A scene from 'The Order'
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2 stars
102 minutes | Rated: R
WIDE: Friday, September 5, 2003
Written & directed by Brian Helgeland

Starring Heath Ledger, Shannyn Sossamon, Mark Addy, Peter Weller, Benno Furmann

Read our 2001 interview with
director Brian Helgeland


Is it too much to hope for a director's cut that might restore everything Helgeland was excited about when I interviewed him in 2001 and save this failure?

   VIDEO RELEASE: 12.30.2003

  • Faith-based thrillers
  • Brian Helgeland
  • Heath Ledger
  • Shannyn Sossamon
  • Mark Addy
  • Peter Weller
  • Benno Furmann

  •  LINKS for this film
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    Watch the trailer (apple.com)
    Troubled priest faces off against supernatural 'sin eater' in convoluted, unfocused thriller

    By Rob Blackwelder

    The Catholic church has been a source of inspiration for a whole slew of scary movies -- everything from goosepimpling tales of possession like "The Exorcist" to fact-based stories of institutionalized horror like the current art-house hit "The Magdalene Sisters."

    But mostly these scary movies have not been all that frightening. In fact, mostly they've been forgettably cheap-fright thrillers that make up their own mythology, then dress it up in cassocks and clerical collars for mock-credibility, much like "The Order."

    This dark supernatural thriller about a brooding young man of the cloth (lumpy-featured heartthrob Heath Ledger) in the midst of a major crisis of faith (there's this girl, see...) is loosely based on an archaic con offered to ex-communicated sinners on their deathbeds in Medieval times: Someone calling himself a "sin eater" would perform a ceremony in which, for a price, he would assume all the dying person's transgressions and guilt so he or she would be free to enter Heaven.

    The plot involves Ledger seeking answers to his mentor's death by tracking of one of these sin eaters (Benno Furmann, "The Princess and the Warrior"), an apparent immortal who has resurfaced in present-day Rome and is trying to recruit the conflicted priest to be his successor. But the narrative is convoluted with requisite romantic temptations (once-possessed sultry pixie Shannyn Sossamon fell for the priest when he performed her exorcism), apparent murders accompanied by Aramaic graffiti, an ominous cardinal (an effectively unsettling Peter Weller) with the air of a CIA-styled Vatican spook, a Satanic cult with all the typical black-hood and underground-lair accoutrements, and demons, voices and spirits which come out of the candle-lit woodwork with such regularity that Ledger barely shrugs at having to dispatch them back to hell with histrionic brimstone ballyhoo.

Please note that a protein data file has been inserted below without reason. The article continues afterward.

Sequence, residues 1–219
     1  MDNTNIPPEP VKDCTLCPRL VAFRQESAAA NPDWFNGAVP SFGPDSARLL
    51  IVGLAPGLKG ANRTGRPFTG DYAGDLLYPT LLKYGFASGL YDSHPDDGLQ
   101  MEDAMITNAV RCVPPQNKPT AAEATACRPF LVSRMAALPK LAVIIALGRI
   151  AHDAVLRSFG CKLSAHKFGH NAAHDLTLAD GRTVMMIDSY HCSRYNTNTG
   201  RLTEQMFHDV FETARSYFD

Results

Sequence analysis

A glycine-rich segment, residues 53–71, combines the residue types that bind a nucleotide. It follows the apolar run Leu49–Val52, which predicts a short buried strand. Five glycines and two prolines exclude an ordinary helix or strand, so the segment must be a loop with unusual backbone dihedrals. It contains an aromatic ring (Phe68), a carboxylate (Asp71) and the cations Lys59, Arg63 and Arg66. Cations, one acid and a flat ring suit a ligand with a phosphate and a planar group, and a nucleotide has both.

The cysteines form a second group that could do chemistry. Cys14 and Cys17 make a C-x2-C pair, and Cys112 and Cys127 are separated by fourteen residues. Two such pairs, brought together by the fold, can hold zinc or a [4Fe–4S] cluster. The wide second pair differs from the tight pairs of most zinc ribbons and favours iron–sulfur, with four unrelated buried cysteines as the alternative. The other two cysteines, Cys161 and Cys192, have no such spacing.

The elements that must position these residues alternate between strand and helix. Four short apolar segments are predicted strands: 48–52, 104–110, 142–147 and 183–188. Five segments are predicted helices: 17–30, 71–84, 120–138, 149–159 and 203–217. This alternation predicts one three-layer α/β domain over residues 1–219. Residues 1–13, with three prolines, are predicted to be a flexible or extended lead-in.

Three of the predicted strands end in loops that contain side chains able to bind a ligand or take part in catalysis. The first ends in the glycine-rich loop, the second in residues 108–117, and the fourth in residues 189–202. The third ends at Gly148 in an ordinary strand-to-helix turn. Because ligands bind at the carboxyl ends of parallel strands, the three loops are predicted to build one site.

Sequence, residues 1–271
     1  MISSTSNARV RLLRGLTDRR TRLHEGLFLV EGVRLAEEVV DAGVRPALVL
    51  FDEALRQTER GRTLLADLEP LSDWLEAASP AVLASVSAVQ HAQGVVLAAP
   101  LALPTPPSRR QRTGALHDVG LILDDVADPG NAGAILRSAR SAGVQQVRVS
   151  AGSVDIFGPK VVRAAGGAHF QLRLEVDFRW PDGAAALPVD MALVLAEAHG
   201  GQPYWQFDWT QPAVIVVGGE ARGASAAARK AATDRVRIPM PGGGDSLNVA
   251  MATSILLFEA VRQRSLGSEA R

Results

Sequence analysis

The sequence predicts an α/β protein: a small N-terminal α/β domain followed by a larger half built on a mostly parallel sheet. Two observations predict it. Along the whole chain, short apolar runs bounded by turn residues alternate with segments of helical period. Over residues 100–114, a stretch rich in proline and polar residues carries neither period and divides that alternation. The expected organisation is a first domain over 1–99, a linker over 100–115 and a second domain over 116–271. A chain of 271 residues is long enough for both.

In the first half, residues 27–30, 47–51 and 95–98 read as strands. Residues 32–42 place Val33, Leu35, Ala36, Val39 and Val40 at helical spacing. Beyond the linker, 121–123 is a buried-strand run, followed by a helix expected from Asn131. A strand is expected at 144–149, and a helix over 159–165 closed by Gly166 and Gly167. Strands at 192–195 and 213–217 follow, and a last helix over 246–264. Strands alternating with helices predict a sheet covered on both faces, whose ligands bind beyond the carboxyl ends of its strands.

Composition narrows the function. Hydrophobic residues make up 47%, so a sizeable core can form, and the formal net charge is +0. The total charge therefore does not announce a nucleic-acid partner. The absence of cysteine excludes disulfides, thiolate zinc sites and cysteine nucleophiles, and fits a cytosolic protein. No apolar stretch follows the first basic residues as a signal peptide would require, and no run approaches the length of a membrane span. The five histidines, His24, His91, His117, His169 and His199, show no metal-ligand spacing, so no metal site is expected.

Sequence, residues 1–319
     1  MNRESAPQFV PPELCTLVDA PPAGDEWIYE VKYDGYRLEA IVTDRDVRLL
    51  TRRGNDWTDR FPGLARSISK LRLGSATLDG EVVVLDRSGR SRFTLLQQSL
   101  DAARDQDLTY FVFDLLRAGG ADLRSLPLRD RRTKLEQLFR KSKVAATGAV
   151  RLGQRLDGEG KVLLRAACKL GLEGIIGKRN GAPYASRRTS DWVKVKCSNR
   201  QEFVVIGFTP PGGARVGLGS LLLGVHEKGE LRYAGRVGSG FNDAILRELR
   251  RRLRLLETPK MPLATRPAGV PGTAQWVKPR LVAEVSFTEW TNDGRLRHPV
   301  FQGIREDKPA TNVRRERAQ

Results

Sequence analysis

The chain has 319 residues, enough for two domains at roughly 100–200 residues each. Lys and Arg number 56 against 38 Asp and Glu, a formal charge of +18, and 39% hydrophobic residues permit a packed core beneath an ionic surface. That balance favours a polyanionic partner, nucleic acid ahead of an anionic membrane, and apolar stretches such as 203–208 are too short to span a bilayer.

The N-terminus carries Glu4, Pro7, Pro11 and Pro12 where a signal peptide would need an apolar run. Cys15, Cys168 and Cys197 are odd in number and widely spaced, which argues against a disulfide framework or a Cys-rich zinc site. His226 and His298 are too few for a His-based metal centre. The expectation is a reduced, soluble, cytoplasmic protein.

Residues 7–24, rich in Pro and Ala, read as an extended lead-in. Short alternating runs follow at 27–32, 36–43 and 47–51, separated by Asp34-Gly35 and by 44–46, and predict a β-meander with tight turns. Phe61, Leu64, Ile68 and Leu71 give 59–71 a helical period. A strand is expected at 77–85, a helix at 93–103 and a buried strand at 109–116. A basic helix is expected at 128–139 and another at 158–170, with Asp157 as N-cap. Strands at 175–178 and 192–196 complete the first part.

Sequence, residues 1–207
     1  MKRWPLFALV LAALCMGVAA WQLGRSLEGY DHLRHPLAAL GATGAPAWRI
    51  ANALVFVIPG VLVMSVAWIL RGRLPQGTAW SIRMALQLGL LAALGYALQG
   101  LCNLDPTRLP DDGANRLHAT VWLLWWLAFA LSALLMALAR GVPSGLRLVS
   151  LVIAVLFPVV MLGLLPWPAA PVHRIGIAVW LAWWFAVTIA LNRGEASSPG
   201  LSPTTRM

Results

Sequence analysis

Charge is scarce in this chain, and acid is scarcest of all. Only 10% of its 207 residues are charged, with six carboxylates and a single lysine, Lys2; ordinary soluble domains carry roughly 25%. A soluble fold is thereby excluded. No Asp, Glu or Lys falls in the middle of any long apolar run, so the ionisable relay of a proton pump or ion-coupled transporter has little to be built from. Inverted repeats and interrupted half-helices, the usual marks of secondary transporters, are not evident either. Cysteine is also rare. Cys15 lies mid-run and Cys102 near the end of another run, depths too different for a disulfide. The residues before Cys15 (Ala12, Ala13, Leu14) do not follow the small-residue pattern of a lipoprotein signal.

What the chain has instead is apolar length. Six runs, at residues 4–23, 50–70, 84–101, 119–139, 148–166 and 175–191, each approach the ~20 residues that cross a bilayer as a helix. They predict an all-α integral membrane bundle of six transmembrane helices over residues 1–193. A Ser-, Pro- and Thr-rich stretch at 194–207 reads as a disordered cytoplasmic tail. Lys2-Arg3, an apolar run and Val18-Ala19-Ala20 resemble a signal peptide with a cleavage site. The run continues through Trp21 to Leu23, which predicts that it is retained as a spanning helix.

Sneaked into theaters by 20th Century Fox without a press screening -- which means the studio thinks it's crap -- "The Order" has some paranormal promise and soul-searching perspicacity buried under its hazy layers of portentous atmosphere. But as written and directed by the imaginative Brian Helgeland (adapter of "L.A. Confidential" and the highly-praised "Mystic River," due out next month), there are deeper themes and emotions that just don't get their due from the film's lightweight leads.

    Ledger, Sossamon and Mark Addy, playing another clergyman and Ledger's best friend, were perfect for Helgeland's outlandishly abstract, 13th century jousting-with-a-'70s-rock-soundtrack action-comedy "A Knight's Tale." But reuniting them here wasn't smart casting. None of the actors seem to connect with their characters. Ledger doesn't perceptively struggle with the collapse of his belief system or even question his attraction to Sossamon -- something which Addy encourages as if the priesthood is just his buddy's day job.

    "The Order" only shows its conceptual depth in the scenes that find Ledger face-to-face with the complex, seductively haunted and menacing Furmann for a dogmatic tug-of-war over the entitlement and administration of last rites.

    But despite almost two years of studio-mandated recutting and reshoots that have left the film feeling elusive and unfocused, Helgeland -- who was very excited about the project when I interviewed him just before filming began in 2001 -- holds his themes together fairly well until a last-act twist that relies on the hackneyed notion of a veiled villain unmasking himself for no explored reason and verbosely explaining his entire evil plan to the hero.

    I'd be curious to know what went down between my interview in 2001 and the release of this second-rate chiller. But even if Helgeland had been given final cut, "The Order" has an underlying shallowness that would have been hard to disguise.


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